birds there are only two toes, in others, only three. All the bones in birds are much lighter, or with a larger cavity, than in quadrupeds.

The feathers with which birds, are covered, resemble in their nature the hair of quadrupeds, being composed of a similar substance appearing in a different form. Every single feather (says Dr. Paley) is a mechanical wonder. If we look at the quill, we find properties not easily brought together, -strength and lightness. I know few things more remarkable than the strength and lightness of the very, pen with which I am now writing. If we cast .our eye toward the upper part of the stem, we see a material made for the purpose, used in no other class of animals, and in no other part of birds; tough, light, pliant, elastic. The pith, also, which feeds the feathers, is neither bone, flesh, membrane, nor, tendon.

But the most artificial part of a feather is the beard, or, as it is sometimes called, the vane; which we usually strip off from one side, or both, when we make a pen. The separate pieces of which this is composed are called threads, filaments, or rays. Now the first thing which an attentive observer will remark is, how much stronger the beard of the feather shows itself to be when pressed in a direction perpendicular to its plane, than when rubbed either up or down in the line of the stem; and he will soon discover, that the threads of which these beards are composed are flat, and placed with their flat sides towards each other; by which means, while they easily bend for the approaching of each other, as any one may perceive by drawing his finger ever so lightly upwards, they are much harder to bend out of their plane, which is the direction in which they have to encounter the impulse and pressure of the air, and in which their strength is wanted. It is also to be observed, that when two threads, sepa

rated by accident or force, are brought together again, they immediately reclasp. Draw your finger down the feather which is against the grain, and you break, probably, the junction of some of the contiguous threads; draw your finger up the feather, and you restore all things to their former state.

It is no common mechanism by which this contrivance is effected. The threads or laminæ above mentioned are interlaced with one another; and the interlacing is performed by means of a vast number of fibres or teeth which the threads shoot forth on each side, and which hook and grapple together. " ..Fifty of these fibres have been counted in one twentieth of an inch. They are crooked, but curved after a different manner; for those which proceed from the thread on the side toward the extremity of the feather are longer, more flexible, and bent downward; whereas those which proceed from the side toward the beginning or quill-end of the feather, are shorter, firmer, and turned upward. When two laminæ, therefore, are pressed together, the crooked parts of the long fibres fall into the cavity made by the crooked parts of the others; just as the latch which is fastened to a door enters into the cavity of the catch fixed to the door-post, and there hooking itself, fastens the door!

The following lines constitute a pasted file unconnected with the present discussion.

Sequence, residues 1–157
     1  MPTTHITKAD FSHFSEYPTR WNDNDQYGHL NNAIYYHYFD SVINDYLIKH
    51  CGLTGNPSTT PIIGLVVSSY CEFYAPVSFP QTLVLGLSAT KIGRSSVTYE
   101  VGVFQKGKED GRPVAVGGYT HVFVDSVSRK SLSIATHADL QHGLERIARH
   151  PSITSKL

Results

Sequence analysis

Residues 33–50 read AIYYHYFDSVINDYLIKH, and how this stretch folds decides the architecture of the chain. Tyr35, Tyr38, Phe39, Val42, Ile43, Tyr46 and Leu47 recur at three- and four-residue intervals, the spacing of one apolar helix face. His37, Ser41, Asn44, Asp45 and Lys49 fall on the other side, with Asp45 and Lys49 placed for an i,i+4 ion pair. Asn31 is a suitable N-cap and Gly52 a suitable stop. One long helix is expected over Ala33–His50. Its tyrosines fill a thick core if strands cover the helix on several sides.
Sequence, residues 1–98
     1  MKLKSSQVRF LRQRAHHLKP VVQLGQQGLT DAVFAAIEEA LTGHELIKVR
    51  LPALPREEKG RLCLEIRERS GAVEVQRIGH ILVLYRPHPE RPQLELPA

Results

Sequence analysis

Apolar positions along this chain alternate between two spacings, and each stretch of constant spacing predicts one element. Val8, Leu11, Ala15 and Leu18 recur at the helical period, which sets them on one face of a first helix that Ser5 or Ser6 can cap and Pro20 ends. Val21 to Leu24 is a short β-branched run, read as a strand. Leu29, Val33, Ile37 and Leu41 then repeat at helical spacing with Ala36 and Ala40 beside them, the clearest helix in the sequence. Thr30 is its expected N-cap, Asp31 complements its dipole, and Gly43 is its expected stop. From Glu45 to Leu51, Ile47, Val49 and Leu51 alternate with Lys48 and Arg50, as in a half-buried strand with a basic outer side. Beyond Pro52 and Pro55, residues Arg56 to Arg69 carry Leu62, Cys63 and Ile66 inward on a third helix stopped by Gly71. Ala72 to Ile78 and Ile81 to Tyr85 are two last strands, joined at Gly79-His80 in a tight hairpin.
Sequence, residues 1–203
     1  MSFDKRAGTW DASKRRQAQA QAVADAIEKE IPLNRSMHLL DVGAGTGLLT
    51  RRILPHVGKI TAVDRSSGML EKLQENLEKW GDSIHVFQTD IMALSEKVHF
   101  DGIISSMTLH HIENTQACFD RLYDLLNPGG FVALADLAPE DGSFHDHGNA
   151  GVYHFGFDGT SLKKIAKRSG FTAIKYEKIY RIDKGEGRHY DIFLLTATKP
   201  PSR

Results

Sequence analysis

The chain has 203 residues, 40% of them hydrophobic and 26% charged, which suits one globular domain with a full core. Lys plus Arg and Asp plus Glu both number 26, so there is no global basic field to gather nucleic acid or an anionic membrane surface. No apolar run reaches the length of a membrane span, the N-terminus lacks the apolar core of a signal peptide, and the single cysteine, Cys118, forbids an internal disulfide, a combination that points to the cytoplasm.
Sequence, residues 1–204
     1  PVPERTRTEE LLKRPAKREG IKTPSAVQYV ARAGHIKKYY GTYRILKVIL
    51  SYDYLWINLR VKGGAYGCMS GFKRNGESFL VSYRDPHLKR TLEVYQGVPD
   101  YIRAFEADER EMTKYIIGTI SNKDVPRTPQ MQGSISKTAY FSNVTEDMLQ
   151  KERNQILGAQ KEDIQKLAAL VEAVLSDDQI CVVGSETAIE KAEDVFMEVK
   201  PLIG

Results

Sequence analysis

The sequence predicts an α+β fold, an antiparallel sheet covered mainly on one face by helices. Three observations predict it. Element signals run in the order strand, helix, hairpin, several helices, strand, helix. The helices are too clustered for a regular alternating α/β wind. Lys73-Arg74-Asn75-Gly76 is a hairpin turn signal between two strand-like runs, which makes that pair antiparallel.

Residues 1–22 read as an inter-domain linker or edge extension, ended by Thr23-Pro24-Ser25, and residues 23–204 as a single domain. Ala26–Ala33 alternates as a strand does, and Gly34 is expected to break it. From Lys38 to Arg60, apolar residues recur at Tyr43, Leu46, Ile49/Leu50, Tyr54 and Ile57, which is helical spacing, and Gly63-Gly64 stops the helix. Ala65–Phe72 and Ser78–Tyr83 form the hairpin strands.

Beneath, or under the common feathers or general plumage, the skin in birds is immediately covered with a much finer or softer feathery substance, called down. The throat, after passing down to a certain distance, dilates itself into a large membranaceous bag, answering to the stomach in quadrupeds: it is called the crop, and its great use is to soften the food taken into it, in order to prepare it for passing into another strong receptacle, called the gizzard. This, which may be considered as a more powerful stomach, consists of two very strong muscles, lined and covered with a strong tendinous